How does BREEDPLAN compare animals running under different by lindash

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									             How does BREEDPLAN compare animals
              running under different conditions ??
The process by which BREEDPLAN compares animals running in different herds and
in different environments can be broken down into two main steps :

      (i)      Firstly, the performance recorded for an animal is directly compared with
               the performance of other animals that have had an equal opportunity to
               perform (ie. animals within their contemporary group).

      (ii)     Secondly, BREEDPLAN uses “genetic linkage” to compare animals across
               the different contemporary groups both within the herd, across herds &
               across countries.


                     Comparison within Contemporary Groups

BREEDPLAN analyses cattle in contemporary groups to take out the influence of as
many of the non-genetic effects as possible (eg. feeding, years, seasons). The underlying
principle is that only animals that have had an equal opportunity to perform are directly
compared together within each contemporary group.

BREEDPLAN automatically creates the contemporary groups of animals for
comparison based on criteria similar to that outlined below. The exact criteria used will
differ depending on the trait being analysed.

              Table 1 :     Aspects of the Division of Data in BREEDPLAN

       AUTOMATIC              AUTOMATIC, BUT CAN BE             BREEDER SUPPLIED
                               BREEDER INFLUENCED
 1.   Herd                   7. Breed                           10. Breeder Defined
 2.   Calving Year           8. Weight Date                         Management Groups
 3.   Sex of Calf            9. Calf Age (Slicing)                  - birth
 4.   Twins/Single                                                  - post-birth
 5.   Birth Status (ET)
 6.   Dam Age


The following section provides more detail regarding each of these criteria.

1. Herd

Only calves bred and weighed in the same herd will be directly compared in the same
contemporary group.

This herd definition can be extended to include “associated herds” which have calves
bred and managed as part of a larger herd. The most common example is where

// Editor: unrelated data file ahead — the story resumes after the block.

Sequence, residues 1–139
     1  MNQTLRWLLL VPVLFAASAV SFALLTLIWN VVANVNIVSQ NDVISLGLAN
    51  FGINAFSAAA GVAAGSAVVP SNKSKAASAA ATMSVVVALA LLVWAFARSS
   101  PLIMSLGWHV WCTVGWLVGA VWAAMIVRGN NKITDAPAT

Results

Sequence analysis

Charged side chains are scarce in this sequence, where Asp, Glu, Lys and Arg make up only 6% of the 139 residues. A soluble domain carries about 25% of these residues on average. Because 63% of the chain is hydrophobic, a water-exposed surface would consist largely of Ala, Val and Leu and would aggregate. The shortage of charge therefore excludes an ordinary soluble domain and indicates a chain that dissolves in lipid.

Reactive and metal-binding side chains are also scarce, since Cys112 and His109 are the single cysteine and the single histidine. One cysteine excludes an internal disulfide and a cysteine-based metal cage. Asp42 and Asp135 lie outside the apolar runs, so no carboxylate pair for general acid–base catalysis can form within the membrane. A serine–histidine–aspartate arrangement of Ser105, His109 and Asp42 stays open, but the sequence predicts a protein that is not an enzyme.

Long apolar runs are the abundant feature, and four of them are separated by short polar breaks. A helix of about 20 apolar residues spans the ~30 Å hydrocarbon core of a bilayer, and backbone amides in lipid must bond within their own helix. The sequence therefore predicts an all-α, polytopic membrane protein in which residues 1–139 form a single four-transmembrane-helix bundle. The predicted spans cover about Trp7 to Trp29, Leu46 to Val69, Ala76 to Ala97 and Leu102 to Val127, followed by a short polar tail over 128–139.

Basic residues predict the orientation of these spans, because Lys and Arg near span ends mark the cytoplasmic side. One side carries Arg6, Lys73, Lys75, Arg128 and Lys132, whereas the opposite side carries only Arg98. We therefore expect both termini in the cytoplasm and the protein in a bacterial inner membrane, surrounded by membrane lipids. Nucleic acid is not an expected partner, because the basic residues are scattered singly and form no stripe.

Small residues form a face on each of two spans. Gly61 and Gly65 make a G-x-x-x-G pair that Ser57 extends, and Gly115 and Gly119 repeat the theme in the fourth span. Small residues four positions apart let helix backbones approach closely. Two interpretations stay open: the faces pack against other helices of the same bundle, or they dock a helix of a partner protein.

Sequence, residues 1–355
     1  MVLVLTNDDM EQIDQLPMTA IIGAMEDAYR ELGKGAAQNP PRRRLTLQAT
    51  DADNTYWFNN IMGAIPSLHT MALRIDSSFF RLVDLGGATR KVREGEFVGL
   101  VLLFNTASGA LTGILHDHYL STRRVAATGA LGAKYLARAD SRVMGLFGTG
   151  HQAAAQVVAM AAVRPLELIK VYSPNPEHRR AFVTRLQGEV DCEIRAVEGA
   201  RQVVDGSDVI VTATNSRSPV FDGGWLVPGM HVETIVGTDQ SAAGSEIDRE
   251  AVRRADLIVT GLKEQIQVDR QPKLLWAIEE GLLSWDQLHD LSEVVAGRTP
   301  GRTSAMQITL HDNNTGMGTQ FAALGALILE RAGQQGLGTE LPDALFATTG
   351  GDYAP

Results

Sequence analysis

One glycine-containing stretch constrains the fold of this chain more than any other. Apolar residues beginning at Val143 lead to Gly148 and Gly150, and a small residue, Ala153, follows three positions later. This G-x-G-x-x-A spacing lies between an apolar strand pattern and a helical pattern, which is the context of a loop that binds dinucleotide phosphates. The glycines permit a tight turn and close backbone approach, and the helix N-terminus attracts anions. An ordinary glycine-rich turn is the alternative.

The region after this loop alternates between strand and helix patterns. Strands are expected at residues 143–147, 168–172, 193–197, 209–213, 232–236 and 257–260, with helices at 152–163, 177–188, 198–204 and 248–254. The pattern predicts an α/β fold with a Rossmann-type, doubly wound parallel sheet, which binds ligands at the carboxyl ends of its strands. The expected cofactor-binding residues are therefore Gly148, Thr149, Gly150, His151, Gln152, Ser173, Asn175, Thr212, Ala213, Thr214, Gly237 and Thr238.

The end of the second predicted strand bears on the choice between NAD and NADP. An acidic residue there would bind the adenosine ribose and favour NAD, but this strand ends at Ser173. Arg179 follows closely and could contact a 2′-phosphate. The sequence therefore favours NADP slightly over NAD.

members of a family (eg. children) have a small number of animals registered in their
own name that run as part of the main herd on the property.
2. Calving Year

Only animals born in the same “calving year” will be compared together in the same
contemporary group.

Usually the calving year is the same as the year of birth of the calf. However, for herds
whose calving period runs into the next calendar year (eg. from November through to
March), "calving year" can be specified to span the period running across two different
calendar years. This may be applicable to herds in northern Australia that calve over the
summer months. In these cases, a financial year is more appropriately used as the
“calving year”.

3. Sex of Calf

Only calves of the same sex at measurement will be directly compared in the same
contemporary group (ie. bulls with bulls, heifers with heifers, steers with steers).

Note that males that are weighed initially as bulls and then castrated will have their first
weight compared with all the other males and their second weight only with the steers.

4. Number in Birth (Singles/Twins)

Only calves of the same birth number will be compared together in the same
contemporary group. In other words, single calves will not be compared with twins.

While twins can potentially be compared with other twins, the low occurrence of twin
births generally means that very little performance information from twins is used in the
BREEDPLAN analysis.

5. Birth Status (ET/Natural)

Calves conceived naturally or by AI will be directly compared together in the same
contemporary group but they will not be compared with embryo transfer (ET) calves. In
other words, ET calves will be analysed in a separate contemporary group.

Furthermore, the amount of information available on the recipient dam will then
determine the formation of the contemporary group for ET calves. More specifically, in
most BREEDPLAN analyses, ET calves will only be directly compared with other ET
calves that have been reared by recipient dams of the same breed (and the recipient dam
information has been recorded with the Breed Society/Association).